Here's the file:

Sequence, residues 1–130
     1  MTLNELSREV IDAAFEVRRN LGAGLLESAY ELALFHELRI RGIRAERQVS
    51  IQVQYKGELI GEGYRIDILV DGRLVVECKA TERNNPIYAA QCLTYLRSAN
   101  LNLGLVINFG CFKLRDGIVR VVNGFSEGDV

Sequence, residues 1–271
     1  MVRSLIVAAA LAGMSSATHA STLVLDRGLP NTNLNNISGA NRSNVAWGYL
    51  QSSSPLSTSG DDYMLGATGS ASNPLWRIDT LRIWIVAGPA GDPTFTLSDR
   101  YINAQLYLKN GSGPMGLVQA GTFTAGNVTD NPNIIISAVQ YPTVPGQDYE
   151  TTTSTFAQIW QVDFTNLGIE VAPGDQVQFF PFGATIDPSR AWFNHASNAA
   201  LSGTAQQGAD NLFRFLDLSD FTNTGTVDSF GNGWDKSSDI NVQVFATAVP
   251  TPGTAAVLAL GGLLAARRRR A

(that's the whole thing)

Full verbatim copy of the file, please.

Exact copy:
Sequence, residues 1–130
     1  MTLNELSREV IDAAFEVRRN LGAGLLESAY ELALFHELRI RGIRAERQVS
    51  IQVQYKGELI GEGYRIDILV DGRLVVECKA TERNNPIYAA QCLTYLRSAN
   101  LNLGLVINFG CFKLRDGIVR VVNGFSEGDV

Sequence, residues 1–271
     1  MVRSLIVAAA LAGMSSATHA STLVLDRGLP NTNLNNISGA NRSNVAWGYL
    51  QSSSPLSTSG DDYMLGATGS ASNPLWRIDT LRIWIVAGPA GDPTFTLSDR
   101  YINAQLYLKN GSGPMGLVQA GTFTAGNVTD NPNIIISAVQ YPTVPGQDYE
   151  TTTSTFAQIW QVDFTNLGIE VAPGDQVQFF PFGATIDPSR AWFNHASNAA
   201  LSGTAQQGAD NLFRFLDLSD FTNTGTVDSF GNGWDKSSDI NVQVFATAVP
   251  TPGTAAVLAL GGLLAARRRR A